On the Mexican swing of the ITF tour in March, she won the doubles title in Irapuato,[7] and followed that with a runner-up finish in doubles and a win in the singles[8] at the second tournament in Cancun, before taking the doubles title at the same venue a week later[9] after retiring during her singles semi-final earlier that day. That was followed by another title in Asia, as she reunited with Aldila Sutjiadi to make it two titles from two tournaments together by winning in Hong Kong.[10]

WTA finals[edit]

Doubles: 1 (1 runner-up)[edit]

Winner – Legend
Grand Slam tournaments (0–0)
WTA Tour Championships (0–0)
Premier Mandatory & Premier 5 (0–0)
Premier (0–0)
International (0–1)
Titles by Surface
Hard (0–1)
Grass (0–0)
Clay (0–0)
Carpet (0–0)
Result No. Date Tournament Tier Surface Partner Opponents Score
Runner-up 1. Jan 2019 Auckland Open, New Zealand International Hard United States Taylor Townsend Canada Eugenie Bouchard
United States Sofia Kenin
6–1, 1–6, [7–10]

ITF finals[edit]

Singles: 2 (2 titles)[edit]

$100,000 tournaments
$80,000 tournaments
$60,000 tournaments
$25,000 tournaments
$15,000 tournaments (2–0)
Finals by surface
Hard (2–0)
Clay (0–0)
Grass (0–0)
Carpet (0–0)
Result No. Date Category Tournament Surface Opponent Score
Winner 1. 8 July 2018 $15,000 Corroios, Portugal Hard Zimbabwe Valeria Bhunu 6–4, 6–3
Winner 2. 24 March 2019 $15,000 Cancun, Mexico Hard Colombia María Camila Osorio Serrano 6–4, 6–3

Doubles: 7 (6 titles, 1 runner-up)[edit]

$100,000 tournaments
$80,000 tournaments
$60,000 tournaments
$25,000 tournaments (4–0)
$15,000 tournaments (1–1)
$10,000 tournaments (1–0)
Finals by surface
Hard (6–1)
Clay (0–0)
Grass (0–0)
Carpet (0–0)
Result No. Date Category Tournament Surface Partner Opponents Score
Winner 1. 13 June 2016 $10,000 Antalya, Turkey Hard Netherlands Arianne Hartono Romania Raluca Șerban
Italy Miriana Tona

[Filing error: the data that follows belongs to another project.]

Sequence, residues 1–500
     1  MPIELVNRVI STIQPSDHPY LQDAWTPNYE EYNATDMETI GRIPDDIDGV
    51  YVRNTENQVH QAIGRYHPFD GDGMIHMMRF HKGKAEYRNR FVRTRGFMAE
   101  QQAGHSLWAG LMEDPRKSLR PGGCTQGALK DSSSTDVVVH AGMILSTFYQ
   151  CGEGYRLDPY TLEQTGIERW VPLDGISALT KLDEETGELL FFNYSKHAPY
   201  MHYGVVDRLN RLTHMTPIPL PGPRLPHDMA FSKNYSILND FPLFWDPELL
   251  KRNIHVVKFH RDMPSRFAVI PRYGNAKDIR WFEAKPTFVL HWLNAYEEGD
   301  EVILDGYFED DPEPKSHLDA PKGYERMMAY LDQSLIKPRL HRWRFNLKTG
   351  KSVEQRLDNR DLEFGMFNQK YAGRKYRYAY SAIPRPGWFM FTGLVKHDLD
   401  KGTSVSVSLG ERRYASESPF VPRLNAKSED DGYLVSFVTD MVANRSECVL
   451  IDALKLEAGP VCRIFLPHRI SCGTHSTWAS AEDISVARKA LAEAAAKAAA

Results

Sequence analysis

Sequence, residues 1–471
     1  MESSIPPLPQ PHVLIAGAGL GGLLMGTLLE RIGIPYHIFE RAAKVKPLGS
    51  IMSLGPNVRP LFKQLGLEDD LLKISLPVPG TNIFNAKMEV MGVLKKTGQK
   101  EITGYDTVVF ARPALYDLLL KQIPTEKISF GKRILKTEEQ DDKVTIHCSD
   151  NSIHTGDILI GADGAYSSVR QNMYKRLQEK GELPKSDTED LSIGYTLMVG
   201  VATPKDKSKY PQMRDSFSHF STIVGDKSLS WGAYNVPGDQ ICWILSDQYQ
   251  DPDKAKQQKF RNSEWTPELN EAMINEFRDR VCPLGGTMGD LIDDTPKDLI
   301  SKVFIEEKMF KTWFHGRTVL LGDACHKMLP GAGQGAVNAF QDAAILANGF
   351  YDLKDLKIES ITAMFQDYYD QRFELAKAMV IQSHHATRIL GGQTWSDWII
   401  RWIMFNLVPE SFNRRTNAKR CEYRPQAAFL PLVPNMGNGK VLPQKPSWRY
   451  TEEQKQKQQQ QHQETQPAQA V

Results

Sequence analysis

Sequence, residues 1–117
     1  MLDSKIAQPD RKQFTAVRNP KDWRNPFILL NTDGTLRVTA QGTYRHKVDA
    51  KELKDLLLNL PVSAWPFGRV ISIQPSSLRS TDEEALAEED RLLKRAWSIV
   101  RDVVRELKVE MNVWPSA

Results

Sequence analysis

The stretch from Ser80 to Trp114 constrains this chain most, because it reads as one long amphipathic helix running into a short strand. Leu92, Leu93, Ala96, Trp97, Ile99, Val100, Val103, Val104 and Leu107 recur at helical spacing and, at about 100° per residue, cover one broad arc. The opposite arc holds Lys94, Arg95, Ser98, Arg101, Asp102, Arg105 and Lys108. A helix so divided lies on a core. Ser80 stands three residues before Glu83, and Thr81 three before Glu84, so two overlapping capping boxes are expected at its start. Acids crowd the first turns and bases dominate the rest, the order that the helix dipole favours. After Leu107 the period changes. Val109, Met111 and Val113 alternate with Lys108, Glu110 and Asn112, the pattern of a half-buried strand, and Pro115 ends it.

6–3, ret.
Winner 2. 26 January 2019 $25,000 Singapore Hard Indonesia Aldila Sutjiadi Hong Kong Eudice Chong
Hong Kong Zhang Ling
6–2, 6–3
Winner 3. 16 February 2019 $25,000 Surprise, United States Hard United States Cori Gauff United States Usue Maitane Arconada
United States Emina Bektas
6–3, 4–6, [14–12]
Winner 4. 9 March 2019 $25,000 Irapuato, Mexico Hard Australia Astra Sharma Paraguay Verónica Cepede Royg
Czech Republic Renata Voráčová
6–1, 4–6, [12–10]
Runner-up 1. 23 March 2019 $15,000 Cancun, Mexico Hard United States Rasheeda McAdoo France Lou Brouleau
Switzerland Tess Sugnaux
4–6, 3–6
Winner 5. 30 March 2019 $15,000 Cancun, Mexico Hard Montenegro Vladica Babić Czech Republic Karolína Beránková
Paraguay Lara Escauriza
6–4, 6–3
Winner 6. 14 April 2019 $25,000 Hong Kong Hard (i) * Indonesia Aldila Sutjiadi Australia Maddison Inglis
Australia Kayla McPhee
6–3, 6–1
  • This tournament is an outdoor event, but rain caused the doubles final to be postponed from 13 April and then transferred to an indoor court.


  1. ^ Day, Wikitōria (20 December 2013). "No rest for Māori tennis youth, Paige Hourigan". Māori Television. Retrieved 25 May 2014.
  2. ^ "2018 NZ Tennis Championships - Women's Singles". Tennis New Zealand. Retrieved 25 December 2018.
  3. ^ "2018 NZ Tennis Championships - Women's Doubles". Tennis New Zealand. Retrieved 25 December 2018.
  4. ^ "New Zealand's Paige Hourigan loses ASB Classic doubles final". New Zealand Herald. Retrieved 19 April 2019.
  5. ^ "Drawsheet: $25,000 Singapore". Retrieved 19 April 2019.
  6. ^ "Drawsheet: $25,000 Surprise". Retrieved 19 February 2019.
  7. ^ "Drawsheet: $25,000 Irapuato". Retrieved 19 April 2019.
  8. ^ "Drawsheet: $15,000 Cancun". Retrieved 19 April 2019.
  9. ^ "Drawsheet: $15,000 Cancun". Retrieved 19 April 2019.
  10. ^ "Drawsheet: $25,000 Hong Kong". Retrieved 19 April 2019.

External links[edit]